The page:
China wholesaler preps mobile OS with a twist: apps run in cloud, not on gadget

Putting resource-intensive processes in cloud makes stupid phones look smart


In case you needed more evidence that cloud technology is rearranging all the puzzle pieces that make up the IT industry: A Chinese company best known for wholesaling low-cost phones and gadgets is developing an operating system that will run even on underpowered gear by stashing many of its more powerful features in the cloud.

According to an anonymously sourced Wall Street Journal story yesterday, Alibaba Group Holding Ltd. Is working on a mobile OS designed to reduce the power and cost required in a smartphone by running applications and some other services on easily accessible servers in the cloud.

Without the emphasis on putting much of the functionality in the cloud, few would pay attention to an unconfirmed report of an unreleased mobile OS from a company not known for any kind of commercial software, let alone mobile OSes.

Android, iOS and all the other major mobile operating systems with which Alibaba's will compete install much of the logic as client software in the phones themselves.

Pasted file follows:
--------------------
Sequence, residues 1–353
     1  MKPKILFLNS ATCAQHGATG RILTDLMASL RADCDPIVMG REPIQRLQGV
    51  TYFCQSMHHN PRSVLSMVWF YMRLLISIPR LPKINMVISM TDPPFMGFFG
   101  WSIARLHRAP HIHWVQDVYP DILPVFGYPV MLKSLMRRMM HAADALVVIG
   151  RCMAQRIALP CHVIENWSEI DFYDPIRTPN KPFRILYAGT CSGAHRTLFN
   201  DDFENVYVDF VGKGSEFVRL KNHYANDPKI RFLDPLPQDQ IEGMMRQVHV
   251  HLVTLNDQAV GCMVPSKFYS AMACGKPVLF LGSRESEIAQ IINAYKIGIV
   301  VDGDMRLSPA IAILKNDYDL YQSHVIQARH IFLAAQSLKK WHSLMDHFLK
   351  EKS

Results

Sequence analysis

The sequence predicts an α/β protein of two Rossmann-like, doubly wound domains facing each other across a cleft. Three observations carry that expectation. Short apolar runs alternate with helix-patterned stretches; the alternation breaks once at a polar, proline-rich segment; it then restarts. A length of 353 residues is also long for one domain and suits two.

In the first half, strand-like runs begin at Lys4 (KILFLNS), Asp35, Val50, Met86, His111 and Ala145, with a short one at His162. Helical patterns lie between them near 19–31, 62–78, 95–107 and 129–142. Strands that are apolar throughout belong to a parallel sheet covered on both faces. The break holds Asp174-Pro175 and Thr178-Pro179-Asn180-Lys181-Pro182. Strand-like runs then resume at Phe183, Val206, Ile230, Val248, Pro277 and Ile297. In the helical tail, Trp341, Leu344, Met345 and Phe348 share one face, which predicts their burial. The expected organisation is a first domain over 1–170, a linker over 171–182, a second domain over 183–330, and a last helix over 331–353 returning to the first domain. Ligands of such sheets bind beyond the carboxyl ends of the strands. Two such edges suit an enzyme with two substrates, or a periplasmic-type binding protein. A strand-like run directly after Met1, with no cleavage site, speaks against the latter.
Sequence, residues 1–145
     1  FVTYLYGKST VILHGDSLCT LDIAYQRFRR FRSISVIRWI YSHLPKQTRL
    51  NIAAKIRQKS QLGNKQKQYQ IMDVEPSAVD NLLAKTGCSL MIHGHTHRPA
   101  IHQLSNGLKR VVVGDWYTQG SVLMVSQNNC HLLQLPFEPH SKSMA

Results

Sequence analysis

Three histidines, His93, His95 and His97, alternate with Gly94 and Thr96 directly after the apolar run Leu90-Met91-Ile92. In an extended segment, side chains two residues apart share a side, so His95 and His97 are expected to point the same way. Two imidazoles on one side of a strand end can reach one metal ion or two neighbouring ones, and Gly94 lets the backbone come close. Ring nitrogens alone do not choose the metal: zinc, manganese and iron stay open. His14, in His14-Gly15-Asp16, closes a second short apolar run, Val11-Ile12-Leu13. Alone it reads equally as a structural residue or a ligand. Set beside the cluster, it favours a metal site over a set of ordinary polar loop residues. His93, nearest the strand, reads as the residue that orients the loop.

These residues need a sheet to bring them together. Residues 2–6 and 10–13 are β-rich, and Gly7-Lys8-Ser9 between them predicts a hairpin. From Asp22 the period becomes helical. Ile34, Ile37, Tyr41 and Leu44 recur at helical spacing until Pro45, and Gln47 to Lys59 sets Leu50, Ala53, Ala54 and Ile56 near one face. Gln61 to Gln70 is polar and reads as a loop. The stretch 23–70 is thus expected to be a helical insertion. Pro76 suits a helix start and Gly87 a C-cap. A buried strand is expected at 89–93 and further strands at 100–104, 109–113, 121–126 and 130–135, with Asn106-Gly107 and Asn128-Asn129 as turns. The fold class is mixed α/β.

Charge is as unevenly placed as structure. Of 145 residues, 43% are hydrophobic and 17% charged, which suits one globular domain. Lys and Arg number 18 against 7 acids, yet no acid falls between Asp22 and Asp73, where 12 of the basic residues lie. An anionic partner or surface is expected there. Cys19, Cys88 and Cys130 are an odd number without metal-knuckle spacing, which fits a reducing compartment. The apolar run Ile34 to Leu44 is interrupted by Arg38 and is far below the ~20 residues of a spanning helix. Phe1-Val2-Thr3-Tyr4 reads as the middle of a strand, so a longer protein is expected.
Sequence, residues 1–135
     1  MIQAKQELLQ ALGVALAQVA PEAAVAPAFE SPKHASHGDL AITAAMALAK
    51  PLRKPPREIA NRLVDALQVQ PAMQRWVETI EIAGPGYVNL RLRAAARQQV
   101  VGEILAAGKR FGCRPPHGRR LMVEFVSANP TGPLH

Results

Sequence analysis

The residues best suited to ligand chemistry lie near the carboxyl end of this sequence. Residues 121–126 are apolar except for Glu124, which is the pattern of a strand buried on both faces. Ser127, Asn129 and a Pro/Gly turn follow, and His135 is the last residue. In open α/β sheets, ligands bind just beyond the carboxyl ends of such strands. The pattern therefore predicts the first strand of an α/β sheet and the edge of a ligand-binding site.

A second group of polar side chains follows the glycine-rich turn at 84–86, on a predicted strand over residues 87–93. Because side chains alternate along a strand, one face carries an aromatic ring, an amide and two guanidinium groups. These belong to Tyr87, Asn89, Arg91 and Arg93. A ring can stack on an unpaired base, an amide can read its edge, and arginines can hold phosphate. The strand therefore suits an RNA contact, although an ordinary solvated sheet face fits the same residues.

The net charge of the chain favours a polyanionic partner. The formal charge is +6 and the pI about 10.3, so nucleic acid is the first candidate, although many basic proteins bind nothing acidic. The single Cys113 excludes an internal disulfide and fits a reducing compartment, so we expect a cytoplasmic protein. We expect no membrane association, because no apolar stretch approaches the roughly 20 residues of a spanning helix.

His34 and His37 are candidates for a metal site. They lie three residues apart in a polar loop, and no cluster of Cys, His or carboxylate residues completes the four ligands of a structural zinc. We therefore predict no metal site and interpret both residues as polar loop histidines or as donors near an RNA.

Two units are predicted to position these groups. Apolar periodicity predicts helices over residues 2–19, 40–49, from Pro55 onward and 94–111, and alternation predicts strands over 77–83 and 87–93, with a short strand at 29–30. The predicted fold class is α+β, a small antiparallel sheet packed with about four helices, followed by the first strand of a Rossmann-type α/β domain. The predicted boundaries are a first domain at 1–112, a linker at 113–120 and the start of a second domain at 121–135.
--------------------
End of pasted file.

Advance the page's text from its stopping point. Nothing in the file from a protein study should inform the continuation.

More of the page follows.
That improves performance by keeping the phone from having to send news to the server that the user just pushed a "#" and waiting for the server to reply. It also requires the phone have far more power built in than if it were designed simply to make calls, send texts and display images of the user interface for apps running on backend servers.

It's not actually a new idea. Most virtualization systems designed to connect smartphones as secure nodes in a business network do the same thing. So do dumb terminals in shared-application, shared-server environments in call centers, banks and other group-computing environments.

As user have become more accustomed to phones entertaining them with rich graphics and powerful connections to the Internet and corporate apps, demand for more power has risen even faster than the skyrocketing amount of power in the phones themselves.

Taking some of the load off the phone and putting it back on the server makes a lot of sense if you're looking at it from the point of view of an application or network architect. It makes a lot of sense if you're a corporate security pro looking at highly losable, questionably secure smartphones as device employees can use to access your most sensitive data.

That's why VMware is rushing to expand the capabilities and devices on which its VMware View desktop virtualization system can run as it tries to catch up to the core competence of virtualization-rival Citrix.

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